Campaigning for the Nov. 2 election begins in earnest Feb. 2.
Precinct caucuses on Tuesday will give local residents an early say in state legislative races, a wide-open battle for the governor's office and an attention-grabbing congressional contest.
The caucuses, which mark the unofficial beginning of the election year, also give even the most casual political activists an opportunity to shape campaigns and parties.
"This is the idea stage," said David Beaudet, a local DFL Party leader. "This is where residents can come forward and chat with their fellow residents and put forth good ideas."
Woodbury-area Democrats and Republicans will gather to select local party leaders, discuss issues they want to see become a position of their party and elect delegates to attend Senate District 56 endorsing conventions.
Each party is trying to attract long-time activists as well as people who never have caucused before. Anyone can observe caucuses, but participation at each party's caucus is limited to residents of the precinct who are aligned with the party.
People who wish to move on as delegates or alternates to the Senate district conventions must be registered to vote in their precinct by Election Day.
This is the first precinct caucus since 2008, when thousands of people flooded caucuses around the state because of the presidential election.
Republicans are fired up for the 2010 mid-term elections, said Joe Salmon, the district GOP chairman. Republicans expect their attendance to be about what it was in 2008, around 1,100 people, he said.
"The main draw would be because people are really discouraged with the way the national political outlook is going," Salmon said. "There's a lot of people that also want to see some changes in the way the state is being run."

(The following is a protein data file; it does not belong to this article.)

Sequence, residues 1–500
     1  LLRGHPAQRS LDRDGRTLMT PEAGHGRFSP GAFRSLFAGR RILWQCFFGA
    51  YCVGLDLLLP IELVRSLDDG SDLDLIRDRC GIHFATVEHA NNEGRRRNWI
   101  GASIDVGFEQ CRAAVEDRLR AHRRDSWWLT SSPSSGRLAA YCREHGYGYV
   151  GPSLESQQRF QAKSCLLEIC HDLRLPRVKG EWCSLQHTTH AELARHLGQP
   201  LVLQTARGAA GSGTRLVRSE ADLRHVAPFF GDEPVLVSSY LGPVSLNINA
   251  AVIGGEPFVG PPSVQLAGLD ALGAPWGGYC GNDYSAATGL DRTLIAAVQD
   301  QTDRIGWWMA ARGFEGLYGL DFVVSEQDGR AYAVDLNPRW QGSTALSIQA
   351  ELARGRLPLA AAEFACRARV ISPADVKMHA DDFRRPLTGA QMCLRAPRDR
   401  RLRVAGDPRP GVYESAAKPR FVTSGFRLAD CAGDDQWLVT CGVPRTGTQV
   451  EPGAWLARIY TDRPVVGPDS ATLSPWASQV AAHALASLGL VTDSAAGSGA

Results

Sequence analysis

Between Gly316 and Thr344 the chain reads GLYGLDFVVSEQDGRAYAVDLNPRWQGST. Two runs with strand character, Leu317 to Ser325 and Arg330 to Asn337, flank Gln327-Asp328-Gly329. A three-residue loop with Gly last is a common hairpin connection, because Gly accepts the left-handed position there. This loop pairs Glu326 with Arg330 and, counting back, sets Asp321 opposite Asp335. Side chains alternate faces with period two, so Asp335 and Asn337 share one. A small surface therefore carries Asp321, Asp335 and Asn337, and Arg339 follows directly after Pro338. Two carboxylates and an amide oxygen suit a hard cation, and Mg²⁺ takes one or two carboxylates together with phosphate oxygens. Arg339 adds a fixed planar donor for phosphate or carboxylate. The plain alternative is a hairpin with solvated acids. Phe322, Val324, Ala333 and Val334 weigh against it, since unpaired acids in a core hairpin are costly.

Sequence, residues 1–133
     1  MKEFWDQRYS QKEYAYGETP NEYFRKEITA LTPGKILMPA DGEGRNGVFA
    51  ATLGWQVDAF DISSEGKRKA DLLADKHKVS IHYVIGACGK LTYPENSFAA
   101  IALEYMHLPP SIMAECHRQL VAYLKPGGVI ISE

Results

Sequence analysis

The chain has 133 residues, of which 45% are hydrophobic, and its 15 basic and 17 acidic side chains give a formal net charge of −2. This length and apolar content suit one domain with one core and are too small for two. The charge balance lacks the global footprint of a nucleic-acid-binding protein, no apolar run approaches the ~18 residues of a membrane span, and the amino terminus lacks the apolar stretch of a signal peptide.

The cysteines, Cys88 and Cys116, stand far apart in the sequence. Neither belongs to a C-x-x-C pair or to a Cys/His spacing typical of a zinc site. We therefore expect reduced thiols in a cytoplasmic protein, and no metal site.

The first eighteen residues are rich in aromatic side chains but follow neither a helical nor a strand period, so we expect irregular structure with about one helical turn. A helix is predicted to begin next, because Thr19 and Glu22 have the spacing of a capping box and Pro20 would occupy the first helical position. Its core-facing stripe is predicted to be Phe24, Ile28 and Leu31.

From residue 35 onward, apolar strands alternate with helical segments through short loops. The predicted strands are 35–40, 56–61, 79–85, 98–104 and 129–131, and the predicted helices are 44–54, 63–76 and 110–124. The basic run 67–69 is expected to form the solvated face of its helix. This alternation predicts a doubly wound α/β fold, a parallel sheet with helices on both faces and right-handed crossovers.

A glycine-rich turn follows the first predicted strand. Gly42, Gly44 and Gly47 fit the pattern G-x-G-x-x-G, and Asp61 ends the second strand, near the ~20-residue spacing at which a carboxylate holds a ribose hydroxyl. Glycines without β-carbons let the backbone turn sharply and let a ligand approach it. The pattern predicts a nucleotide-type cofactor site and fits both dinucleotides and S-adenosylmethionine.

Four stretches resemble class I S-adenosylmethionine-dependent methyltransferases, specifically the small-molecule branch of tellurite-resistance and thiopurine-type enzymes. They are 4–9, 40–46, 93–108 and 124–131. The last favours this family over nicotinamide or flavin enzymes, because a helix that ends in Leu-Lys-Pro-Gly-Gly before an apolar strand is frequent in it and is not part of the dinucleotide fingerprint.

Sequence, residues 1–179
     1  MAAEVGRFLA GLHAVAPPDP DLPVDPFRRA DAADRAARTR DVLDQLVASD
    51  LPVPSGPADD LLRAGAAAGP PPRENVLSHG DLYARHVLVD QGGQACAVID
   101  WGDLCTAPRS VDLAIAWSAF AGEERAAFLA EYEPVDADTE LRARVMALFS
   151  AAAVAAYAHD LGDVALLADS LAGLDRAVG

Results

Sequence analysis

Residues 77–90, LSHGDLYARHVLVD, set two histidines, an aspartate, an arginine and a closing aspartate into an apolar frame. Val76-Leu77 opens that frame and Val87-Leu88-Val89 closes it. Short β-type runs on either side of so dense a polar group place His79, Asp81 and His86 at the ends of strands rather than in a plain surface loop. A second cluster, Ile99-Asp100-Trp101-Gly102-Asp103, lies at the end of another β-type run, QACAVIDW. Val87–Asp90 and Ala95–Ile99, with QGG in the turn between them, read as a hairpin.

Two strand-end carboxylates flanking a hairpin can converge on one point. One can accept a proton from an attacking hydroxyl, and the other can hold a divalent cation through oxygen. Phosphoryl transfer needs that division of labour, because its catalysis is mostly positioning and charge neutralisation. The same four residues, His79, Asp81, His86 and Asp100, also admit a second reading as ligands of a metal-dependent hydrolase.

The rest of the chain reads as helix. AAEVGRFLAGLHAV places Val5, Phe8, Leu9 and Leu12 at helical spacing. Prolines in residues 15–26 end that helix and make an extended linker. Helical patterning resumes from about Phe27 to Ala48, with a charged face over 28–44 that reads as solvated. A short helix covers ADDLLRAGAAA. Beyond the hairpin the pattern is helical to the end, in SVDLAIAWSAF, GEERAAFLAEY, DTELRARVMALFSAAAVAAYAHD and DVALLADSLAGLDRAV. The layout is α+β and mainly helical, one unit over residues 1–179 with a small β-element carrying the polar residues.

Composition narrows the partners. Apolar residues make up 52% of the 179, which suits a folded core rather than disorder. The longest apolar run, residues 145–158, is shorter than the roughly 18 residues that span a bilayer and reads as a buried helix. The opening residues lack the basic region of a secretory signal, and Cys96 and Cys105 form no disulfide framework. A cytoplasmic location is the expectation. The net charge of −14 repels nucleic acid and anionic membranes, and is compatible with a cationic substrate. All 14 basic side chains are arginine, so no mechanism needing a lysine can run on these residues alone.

Democrats had 3,600 at the local caucus in 2008, but the number probably will be around 800 to 1,000 next week, said Beaudet, district DFL Party chairman. That is typical for a non-presidential year when there is no U.S. Senate race, he said.
"We know that statistically people are much more engaged in trying to help a presidential candidate," he said.
Republicans in Senate District 56 will split up for their caucuses. Those in House District 56A, the northern half of the district, will caucus at Stillwater Area High School. Republicans in 56B will meet at East Ridge High School.
Democrats will caucus as a Senate district at Oak-Land Junior High School in Lake Elmo.
Caucuses begin at 7 p.m.
Democrats who attend the caucus and are elected as delegates to the Senate district convention are expected to endorse Sen. Kathy Saltzman of Woodbury and Reps. Marsha Swails and Julie Bunn for re-election.
Some of the delegates may be chosen to advance to the congressional and state conventions, where activists will back an opponent to GOP Rep. Michele Bachmann. Democrats Maureen Reed of Stillwater and state Sen. Tarryl Clark of St. Cloud are seeking the 6th District endorsement. Delegates to the state convention will support candidates for governor and other statewide offices.
GOP caucus participants who move on to the Republican Senate district convention will endorse legislative candidates. Ted Lillie of Lake Elmo and Kelly Parker and Dustin Endres, both of Woodbury, are running for Saltzman's seat. Bunn, of Lake Elmo, is being challenged by Republicans Kathy Lohmer of Lake Elmo and Erik Ogren of Stillwater. Andrea Kieffer is running against Swails, a fellow Woodbury resident.
The governor's race will be atop Minnesota ballots this fall, and caucus-goers could help narrow that contest. Republicans and Democrats will conduct gubernatorial preference ballots.
The poll results could narrow the field; governor candidates who have a poor showing in the caucus polls may drop out of the race.
Local voters not in synch with either Democrats or Republicans may look to the Independence Party, which also will caucus Tuesday. Because fewer people are aligned with the Independence Party, it will caucus in areas larger than Senate Districts. Local residents will caucus in Mahtomedi, but the Independence Party also is continuing its caucus on the Internet until Feb. 28.
Caleb Davies, the IP's 6th Congressional District chairman, said his party is drawing more attention this year because of "discontent" with Republicans and Democrats.
"In the Independence Party, it's a lot easier to have your voice heard," Davies said.